These cows do not get Bovine Growth Hormone (bGH) and if they need antibiotics for their health, their milk is not part of the regular shipments until the drugs clear their system.
the baby cows!
At a couple of points we are tractored by the calf section, where the Calf Manager is in constant care mode, monitoring each calf's health and happiness. Each hutch has a wired section where they can stand on bedding and get fresh air and sunshine. If they wish. On a drizzly day like this one, there are few calves poking their heads out.
When they get older, they will transition into larger groups in larger hutches, but right now keeping them separate means more intense monitoring and getting colostrum, which is the first milk produced after a birth. This has everything a baby cow needs to get a good start in life, from setting up their immune system to being easy to digest.
But near the treat tent are some special hutches, including the stars of the farm, the triplet girl calves of Reanne -- a Holstein. "Three females and all healthy! That's a one in an eight-million chance," said Andrew Bilow, the son of Vincent and Trudy, who is the point person for the latest in cow care.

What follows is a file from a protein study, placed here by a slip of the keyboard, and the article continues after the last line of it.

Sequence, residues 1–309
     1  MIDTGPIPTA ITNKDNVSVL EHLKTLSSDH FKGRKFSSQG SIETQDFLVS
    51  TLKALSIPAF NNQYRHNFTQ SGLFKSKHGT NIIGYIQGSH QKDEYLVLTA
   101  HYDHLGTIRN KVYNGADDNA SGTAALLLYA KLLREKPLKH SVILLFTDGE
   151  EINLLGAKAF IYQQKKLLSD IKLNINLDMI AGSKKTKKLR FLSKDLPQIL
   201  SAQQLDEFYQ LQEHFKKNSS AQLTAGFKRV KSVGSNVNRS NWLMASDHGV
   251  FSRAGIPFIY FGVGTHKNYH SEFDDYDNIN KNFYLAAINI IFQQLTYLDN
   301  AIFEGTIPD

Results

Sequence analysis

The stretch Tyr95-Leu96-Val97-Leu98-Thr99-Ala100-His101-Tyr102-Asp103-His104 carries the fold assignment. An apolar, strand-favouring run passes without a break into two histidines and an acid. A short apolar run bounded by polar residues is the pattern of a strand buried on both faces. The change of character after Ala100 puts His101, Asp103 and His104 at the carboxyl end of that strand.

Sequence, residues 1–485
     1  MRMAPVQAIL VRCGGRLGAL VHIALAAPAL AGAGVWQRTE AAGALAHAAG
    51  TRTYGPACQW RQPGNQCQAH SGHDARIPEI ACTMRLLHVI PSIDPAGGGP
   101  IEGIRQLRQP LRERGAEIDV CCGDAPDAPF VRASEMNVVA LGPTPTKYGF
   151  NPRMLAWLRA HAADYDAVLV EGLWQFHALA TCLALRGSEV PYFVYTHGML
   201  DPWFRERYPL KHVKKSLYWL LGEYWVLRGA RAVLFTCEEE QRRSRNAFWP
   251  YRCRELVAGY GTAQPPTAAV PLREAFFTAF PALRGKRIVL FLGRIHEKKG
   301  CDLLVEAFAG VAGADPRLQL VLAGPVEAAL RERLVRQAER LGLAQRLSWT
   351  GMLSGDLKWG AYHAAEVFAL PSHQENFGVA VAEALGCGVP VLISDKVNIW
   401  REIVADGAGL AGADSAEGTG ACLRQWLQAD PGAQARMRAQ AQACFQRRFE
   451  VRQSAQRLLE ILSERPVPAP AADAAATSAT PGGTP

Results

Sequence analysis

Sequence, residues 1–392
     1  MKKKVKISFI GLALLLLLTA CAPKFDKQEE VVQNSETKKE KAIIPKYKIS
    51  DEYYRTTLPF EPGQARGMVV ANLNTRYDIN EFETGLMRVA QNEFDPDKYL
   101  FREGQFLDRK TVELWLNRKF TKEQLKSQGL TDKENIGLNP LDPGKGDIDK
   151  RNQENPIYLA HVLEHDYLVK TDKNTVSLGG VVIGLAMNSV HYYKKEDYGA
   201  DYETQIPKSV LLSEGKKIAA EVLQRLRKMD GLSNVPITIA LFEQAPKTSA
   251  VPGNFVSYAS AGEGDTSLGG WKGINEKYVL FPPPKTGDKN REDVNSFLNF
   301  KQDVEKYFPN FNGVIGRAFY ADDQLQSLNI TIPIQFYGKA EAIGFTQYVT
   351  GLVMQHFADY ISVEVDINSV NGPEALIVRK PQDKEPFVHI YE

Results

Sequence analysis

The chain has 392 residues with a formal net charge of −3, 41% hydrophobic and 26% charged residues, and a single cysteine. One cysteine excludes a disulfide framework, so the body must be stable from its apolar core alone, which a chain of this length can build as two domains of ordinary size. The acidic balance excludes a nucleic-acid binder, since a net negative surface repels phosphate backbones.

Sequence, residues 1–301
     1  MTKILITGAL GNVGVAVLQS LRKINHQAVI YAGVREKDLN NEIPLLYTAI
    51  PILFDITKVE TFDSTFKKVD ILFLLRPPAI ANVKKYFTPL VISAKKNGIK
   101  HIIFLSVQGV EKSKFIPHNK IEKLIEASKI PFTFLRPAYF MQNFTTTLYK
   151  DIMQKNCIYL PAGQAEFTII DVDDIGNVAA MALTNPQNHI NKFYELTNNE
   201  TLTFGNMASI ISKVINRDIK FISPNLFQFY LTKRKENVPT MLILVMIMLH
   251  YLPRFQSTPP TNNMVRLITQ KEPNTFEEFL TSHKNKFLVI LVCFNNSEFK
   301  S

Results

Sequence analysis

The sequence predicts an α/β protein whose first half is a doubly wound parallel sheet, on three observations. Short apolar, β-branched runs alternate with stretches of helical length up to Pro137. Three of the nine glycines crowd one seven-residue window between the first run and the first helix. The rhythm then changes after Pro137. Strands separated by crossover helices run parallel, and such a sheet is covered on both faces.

Steven McDonald of Cornell Cooperative Extension has stated, "This is a tribute to the Bilow farm that they take such good care of the calves and the mother." The Bilows gave Reanne a special diet and stopped milking her for six to eight weeks prior to her delivery. "The Bilows' cow management is phenomenal. The cows are comfortable and not stressed."
Which is another thing all the cow people like to say, "Care and comfort makes for happy cows." After all, these baby calves are going to grow up and take their place in the big barn one day. But not any time soon; the triplets are still in their baby hutches even though they were born April 25. It takes a lot of growing to make an adult cow.
At the end of the tour we experience the reason for all the fuss -- some free cheese, milk, and especially, the ice cream sundaes donated by local ice cream store, Stewart's. It takes three princesses and four members of their court to make me a caramel sundae with crushed candy bars on top.
Because there's no such thing as too much fussing when it comes to our dairy treats.
Some photos courtesy Bilow Farms, LLC.